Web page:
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Ohio car insurance laws
Ohio is a tort state, which means that if you are a resident of the state, you're financially responsible for the damage and injury you cause in an auto accident. To drive a vehicle in Ohio, you're required to show proof of financial responsibility.
You can prove this responsibility by posting a cash bond of $30,000, a real estate bond of $60,000, or by buying a minimum amount of liability coverage. Most drivers opt to buy the Ohio car insurance.
Ohio's liability minimums are 12.5/25/7.5. (That's $12,500 per person for injuries you cause to the other party, up to $25,000 for all, and $7,500 for damage you cause to the other party's property.)
Of course, these are low minimums, and you should consider higher levels of coverage, particularly if you have assets to protect.
Ohio auto insurance companies will also offer optional coverages such as medical payments, collision, comprehensive, and uninsured and underinsured motorists bodily injury coverage.
You may want to consider purchasing any or all of these policies, particularly uninsured and underinsured motorist coverages. These two policies help cover the cost of your injuries should you be struck by a driver with inadequate liability insurance.
If you are an Ohio resident, you might be able to save on your policy premium by visiting Electric Insurance. Their policies are available only to better drivers, whose credit and driving records could be described as being at least good.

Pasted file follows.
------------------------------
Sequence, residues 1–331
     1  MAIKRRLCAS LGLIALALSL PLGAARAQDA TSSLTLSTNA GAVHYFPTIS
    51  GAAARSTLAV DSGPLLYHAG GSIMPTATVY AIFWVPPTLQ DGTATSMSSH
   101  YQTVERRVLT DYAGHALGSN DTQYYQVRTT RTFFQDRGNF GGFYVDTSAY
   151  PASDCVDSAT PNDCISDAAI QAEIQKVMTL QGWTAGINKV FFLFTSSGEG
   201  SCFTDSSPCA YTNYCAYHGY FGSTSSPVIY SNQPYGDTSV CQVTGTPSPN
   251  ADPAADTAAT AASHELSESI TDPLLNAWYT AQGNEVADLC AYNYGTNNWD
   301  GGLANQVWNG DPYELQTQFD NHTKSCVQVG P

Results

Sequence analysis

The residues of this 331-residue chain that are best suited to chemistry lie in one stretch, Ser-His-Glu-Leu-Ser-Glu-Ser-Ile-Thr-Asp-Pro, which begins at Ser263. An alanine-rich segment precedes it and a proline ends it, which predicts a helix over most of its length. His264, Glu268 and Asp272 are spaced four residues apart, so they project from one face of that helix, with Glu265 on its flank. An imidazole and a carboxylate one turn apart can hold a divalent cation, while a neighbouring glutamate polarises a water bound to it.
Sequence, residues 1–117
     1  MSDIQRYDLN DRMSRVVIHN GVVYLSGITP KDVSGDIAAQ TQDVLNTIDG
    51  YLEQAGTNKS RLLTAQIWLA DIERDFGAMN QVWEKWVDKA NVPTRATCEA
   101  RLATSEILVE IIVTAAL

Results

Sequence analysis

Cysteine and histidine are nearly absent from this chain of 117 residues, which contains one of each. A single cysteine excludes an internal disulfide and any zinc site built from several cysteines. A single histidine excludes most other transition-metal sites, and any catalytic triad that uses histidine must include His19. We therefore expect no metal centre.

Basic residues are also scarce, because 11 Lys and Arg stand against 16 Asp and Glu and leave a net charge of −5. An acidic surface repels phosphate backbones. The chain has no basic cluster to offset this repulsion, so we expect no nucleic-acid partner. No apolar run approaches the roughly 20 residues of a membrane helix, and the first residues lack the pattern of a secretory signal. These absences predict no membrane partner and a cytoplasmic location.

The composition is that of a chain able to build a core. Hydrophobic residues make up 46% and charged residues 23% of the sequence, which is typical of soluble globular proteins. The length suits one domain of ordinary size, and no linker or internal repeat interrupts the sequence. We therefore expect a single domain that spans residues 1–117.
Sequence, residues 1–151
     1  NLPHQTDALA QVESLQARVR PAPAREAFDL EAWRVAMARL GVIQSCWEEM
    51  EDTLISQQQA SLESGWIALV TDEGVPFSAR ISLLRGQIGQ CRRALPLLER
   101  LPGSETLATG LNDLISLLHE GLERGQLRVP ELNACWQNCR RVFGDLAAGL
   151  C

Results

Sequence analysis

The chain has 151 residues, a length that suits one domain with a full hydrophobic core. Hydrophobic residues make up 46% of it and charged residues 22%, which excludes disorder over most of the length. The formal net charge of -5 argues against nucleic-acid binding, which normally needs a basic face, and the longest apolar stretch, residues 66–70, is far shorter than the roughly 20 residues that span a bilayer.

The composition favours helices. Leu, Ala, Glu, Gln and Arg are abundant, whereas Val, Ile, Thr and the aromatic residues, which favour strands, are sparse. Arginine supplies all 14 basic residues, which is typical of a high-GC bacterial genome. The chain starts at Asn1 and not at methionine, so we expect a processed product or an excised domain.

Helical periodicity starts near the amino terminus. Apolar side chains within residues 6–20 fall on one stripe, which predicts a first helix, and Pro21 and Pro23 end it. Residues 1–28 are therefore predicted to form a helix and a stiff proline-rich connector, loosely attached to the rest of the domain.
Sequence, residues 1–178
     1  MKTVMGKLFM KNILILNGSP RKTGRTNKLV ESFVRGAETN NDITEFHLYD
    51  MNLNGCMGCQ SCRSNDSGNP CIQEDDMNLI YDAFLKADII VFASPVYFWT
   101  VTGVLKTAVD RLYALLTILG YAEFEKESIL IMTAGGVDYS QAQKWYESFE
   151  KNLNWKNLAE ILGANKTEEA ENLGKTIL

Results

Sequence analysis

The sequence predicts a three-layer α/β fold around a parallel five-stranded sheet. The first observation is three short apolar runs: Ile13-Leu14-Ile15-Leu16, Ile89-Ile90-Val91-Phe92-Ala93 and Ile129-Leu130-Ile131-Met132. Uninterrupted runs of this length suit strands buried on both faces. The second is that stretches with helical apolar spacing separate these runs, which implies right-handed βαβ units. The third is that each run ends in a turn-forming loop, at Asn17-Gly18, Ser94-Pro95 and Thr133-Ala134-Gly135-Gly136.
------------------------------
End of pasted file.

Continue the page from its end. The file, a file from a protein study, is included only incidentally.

The price of Ohio auto insurance is decided by the behavior of Buckeye drivers as a whole. Ohio auto insurance companies take the cost of providing insurance for Ohio drivers (this includes settlements and legal fees) and divide it up among the drivers.
But the cost isn't spread around evenly. Instead, the percentage you pay is decided by things like your driving record, your age, where you live, and the kind of car you drive.
Of course, not all auto insurance providers figure their percentages the same way. So they'll charge different rates on the same driver.
What this means for you as a driver, is that you need to shop the different rates (and they'll be very different!) for the best deal. It's the fastest easiest way to save on an Ohio auto insurance policy.
This wrebsite provides general information for educational purposes only and is not intended to be legal advice. We make no guarantees as to the validity of the information presented. Your particular facts and circumstances, and changes in the law, must be considered when applying insurance law. You should always consult with a competent auto insurance professional licensed in your state with respect to your particular situation.